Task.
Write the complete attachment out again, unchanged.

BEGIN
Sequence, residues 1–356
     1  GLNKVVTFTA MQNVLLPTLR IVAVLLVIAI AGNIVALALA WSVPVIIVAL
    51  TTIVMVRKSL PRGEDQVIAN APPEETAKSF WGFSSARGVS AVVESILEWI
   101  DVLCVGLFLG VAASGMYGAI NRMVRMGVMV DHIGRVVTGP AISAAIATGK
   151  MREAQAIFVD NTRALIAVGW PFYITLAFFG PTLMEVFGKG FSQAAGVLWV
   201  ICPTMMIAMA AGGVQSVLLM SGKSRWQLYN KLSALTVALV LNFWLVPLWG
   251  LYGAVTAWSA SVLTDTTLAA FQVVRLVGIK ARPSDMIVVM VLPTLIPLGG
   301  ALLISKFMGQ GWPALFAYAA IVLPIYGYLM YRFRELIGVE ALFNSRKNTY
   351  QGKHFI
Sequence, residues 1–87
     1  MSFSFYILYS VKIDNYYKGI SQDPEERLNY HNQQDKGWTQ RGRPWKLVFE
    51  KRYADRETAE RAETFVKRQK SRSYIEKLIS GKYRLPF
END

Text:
Sequence, residues 1–356
     1  GLNKVVTFTA MQNVLLPTLR IVAVLLVIAI AGNIVALALA WSVPVIIVAL
    51  TTIVMVRKSL PRGEDQVIAN APPEETAKSF WGFSSARGVS AVVESILEWI
   101  DVLCVGLFLG VAASGMYGAI NRMVRMGVMV DHIGRVVTGP AISAAIATGK
   151  MREAQAIFVD NTRALIAVGW PFYITLAFFG PTLMEVFGKG FSQAAGVLWV
   201  ICPTMMIAMA AGGVQSVLLM SGKSRWQLYN KLSALTVALV LNFWLVPLWG
   251  LYGAVTAWSA SVLTDTTLAA FQVVRLVGIK ARPSDMIVVM VLPTLIPLGG
   301  ALLISKFMGQ GWPALFAYAA IVLPIYGYLM YRFRELIGVE ALFNSRKNTY
   351  QGKHFI
Sequence, residues 1–87
     1  MSFSFYILYS VKIDNYYKGI SQDPEERLNY HNQQDKGWTQ RGRPWKLVFE
    51  KRYADRETAE RAETFVKRQK SRSYIEKLIS GKYRLPF